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Medline ® Abstract for Reference 36

of 'Overview of intestinal ischemia in adults'

The diagnosis of acute mesenteric ischemia: A systematic review and meta-analysis.
Cudnik MT, Darbha S, Jones J, Macedo J, Stockton SW, Hiestand BC
Acad Emerg Med. 2013;20(11):1087.
OBJECTIVES: Acute mesenteric ischemia is an infrequent cause of abdominal pain in emergency department (ED) patients; however, mortality for this condition is high. Rapid diagnosis and surgery are key to survival, but presenting signs are often vague or variable, and there is no pathognomonic laboratory screening test. A systematic review and meta-analysis of the available literature was performed to determine diagnostic test characteristics of patient symptoms, objective signs, laboratory studies, and diagnostic modalities to help rule in or out the diagnosis of acute mesenteric ischemia in the ED.
METHODS: In concordance with published guidelines for systematic reviews, the medical literature was searched for relevant articles. The Quality Assessment Tool for Diagnostic Accuracy Studies-2 (QUADAS-2) for systematic reviews was used to evaluate the overall quality of the trials included. Summary estimates of diagnostic accuracy were computed by using a random-effects model to combine studies. Those studies without data to fully complete a two-by-two table were not included in the meta-analysis portion of the project.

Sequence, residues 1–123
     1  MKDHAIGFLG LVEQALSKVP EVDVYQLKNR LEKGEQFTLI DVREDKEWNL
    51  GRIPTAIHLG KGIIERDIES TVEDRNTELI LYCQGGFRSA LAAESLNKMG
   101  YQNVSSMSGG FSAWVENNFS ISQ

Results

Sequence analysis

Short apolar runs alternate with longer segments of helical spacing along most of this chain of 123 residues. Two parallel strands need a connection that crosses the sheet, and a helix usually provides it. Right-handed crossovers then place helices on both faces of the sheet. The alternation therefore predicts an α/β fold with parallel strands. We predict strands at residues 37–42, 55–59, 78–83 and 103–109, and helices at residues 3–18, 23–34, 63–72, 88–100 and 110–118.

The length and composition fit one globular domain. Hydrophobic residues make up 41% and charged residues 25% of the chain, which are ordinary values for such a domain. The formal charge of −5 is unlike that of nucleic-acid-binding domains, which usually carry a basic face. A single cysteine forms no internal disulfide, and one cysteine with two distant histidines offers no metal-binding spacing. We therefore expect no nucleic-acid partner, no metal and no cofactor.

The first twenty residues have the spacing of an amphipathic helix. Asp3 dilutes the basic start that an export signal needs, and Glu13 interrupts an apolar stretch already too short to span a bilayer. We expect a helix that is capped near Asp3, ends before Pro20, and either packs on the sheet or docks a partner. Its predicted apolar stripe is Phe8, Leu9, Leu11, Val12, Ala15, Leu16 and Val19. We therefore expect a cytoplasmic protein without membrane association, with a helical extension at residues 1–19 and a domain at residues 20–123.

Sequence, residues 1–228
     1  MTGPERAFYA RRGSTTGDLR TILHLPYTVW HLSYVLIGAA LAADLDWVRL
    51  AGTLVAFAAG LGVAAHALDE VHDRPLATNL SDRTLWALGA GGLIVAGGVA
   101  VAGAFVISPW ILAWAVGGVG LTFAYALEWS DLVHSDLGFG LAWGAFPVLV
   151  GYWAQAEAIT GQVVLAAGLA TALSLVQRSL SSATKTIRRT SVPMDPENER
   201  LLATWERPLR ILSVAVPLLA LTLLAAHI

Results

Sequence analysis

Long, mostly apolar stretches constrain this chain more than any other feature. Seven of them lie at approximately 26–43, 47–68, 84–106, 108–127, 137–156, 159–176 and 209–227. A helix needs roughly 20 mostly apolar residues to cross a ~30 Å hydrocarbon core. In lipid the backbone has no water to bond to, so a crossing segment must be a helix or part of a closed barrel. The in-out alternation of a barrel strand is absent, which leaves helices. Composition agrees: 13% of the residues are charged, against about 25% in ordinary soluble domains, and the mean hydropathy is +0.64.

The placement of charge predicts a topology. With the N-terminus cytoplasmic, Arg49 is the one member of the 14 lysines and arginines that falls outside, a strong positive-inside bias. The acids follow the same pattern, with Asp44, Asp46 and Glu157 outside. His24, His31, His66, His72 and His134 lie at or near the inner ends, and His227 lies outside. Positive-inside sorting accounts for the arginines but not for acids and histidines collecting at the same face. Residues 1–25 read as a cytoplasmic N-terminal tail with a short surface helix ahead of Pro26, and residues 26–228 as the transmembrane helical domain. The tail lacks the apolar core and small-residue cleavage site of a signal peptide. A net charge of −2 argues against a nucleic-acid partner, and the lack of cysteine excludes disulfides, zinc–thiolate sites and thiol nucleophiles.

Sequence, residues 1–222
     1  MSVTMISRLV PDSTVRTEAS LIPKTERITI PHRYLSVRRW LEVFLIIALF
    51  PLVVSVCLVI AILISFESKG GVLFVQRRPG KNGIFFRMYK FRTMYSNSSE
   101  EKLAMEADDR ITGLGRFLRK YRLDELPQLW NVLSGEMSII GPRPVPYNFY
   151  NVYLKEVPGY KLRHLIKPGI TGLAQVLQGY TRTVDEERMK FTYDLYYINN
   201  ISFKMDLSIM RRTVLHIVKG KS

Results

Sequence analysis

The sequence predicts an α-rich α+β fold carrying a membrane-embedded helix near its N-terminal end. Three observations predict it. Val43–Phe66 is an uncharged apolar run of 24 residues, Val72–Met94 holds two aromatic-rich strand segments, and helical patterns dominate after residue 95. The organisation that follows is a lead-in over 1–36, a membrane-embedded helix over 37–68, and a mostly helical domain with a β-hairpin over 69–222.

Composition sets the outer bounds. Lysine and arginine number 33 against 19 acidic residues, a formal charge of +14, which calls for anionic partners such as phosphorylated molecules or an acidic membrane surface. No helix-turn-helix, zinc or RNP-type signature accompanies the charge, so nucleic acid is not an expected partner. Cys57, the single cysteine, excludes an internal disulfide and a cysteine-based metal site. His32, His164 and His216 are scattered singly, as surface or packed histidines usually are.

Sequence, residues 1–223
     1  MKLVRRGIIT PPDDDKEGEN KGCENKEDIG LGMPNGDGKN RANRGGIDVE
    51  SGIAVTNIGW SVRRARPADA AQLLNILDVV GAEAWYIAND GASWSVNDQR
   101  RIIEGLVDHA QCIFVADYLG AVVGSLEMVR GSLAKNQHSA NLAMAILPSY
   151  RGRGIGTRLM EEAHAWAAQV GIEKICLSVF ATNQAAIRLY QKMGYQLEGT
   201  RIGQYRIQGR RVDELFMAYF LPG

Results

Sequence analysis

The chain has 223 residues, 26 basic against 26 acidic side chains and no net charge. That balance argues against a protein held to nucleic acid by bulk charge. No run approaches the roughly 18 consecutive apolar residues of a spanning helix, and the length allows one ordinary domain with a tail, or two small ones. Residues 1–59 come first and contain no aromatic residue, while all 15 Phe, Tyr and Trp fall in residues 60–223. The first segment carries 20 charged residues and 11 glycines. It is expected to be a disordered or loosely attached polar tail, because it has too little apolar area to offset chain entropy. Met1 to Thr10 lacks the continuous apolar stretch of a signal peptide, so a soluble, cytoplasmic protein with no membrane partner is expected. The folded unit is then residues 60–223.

RESULTS: The literaturesearch identified 1,149 potentially relevant studies, of which 23 were included in the final analysis. The quality of the diagnostic studies was highly variable. A total of 1,970 patients were included in the combined population of all included studies. The prevalence of acute mesenteric ischemia ranged from 8% to 60%. There was a pooled sensitivity for l-lactate of 86% (95% confidence interval [CI]= 73% to 94%) and a pooled specificity of 44% (95% CI = 32% to 55%). There was a pooled sensitivity for D-dimer of 96% (95% CI = 89% to 99%) and a pooled specificity of 40% (95% CI = 33% to 47%). For computed tomography (CT), we found a pooled sensitivity of 94% (95% CI = 90% to 97%) and specificity of 95% (95% CI = 93% to 97%). The positive likelihood ratio (+LR) for a positive CT was 17.5 (95% CI = 5.99 to 51.29), and the negative likelihood ratio (-LR) was 0.09 (95% CI = 0.05 to 0.17). The pooled operative mortality rate for mesenteric ischemia was 47% (95% CI = 40% to 54%). Given these findings, the test threshold of 2.1% (below this pretest probability, do not test further) and a treatment threshold of 74% (above this pretest probability, proceed to surgical management) were calculated.
CONCLUSIONS: The quality of the overall literature base for mesenteric ischemia is varied. Signs, symptoms, and laboratory testing are insufficiently diagnostic for the condition. Only CT angiography had adequate accuracy to establish the diagnosis of acute mesenteric ischemia in lieu of laparotomy.
The Departments of Emergency Medicine, The Ohio State University, Columbus, OH.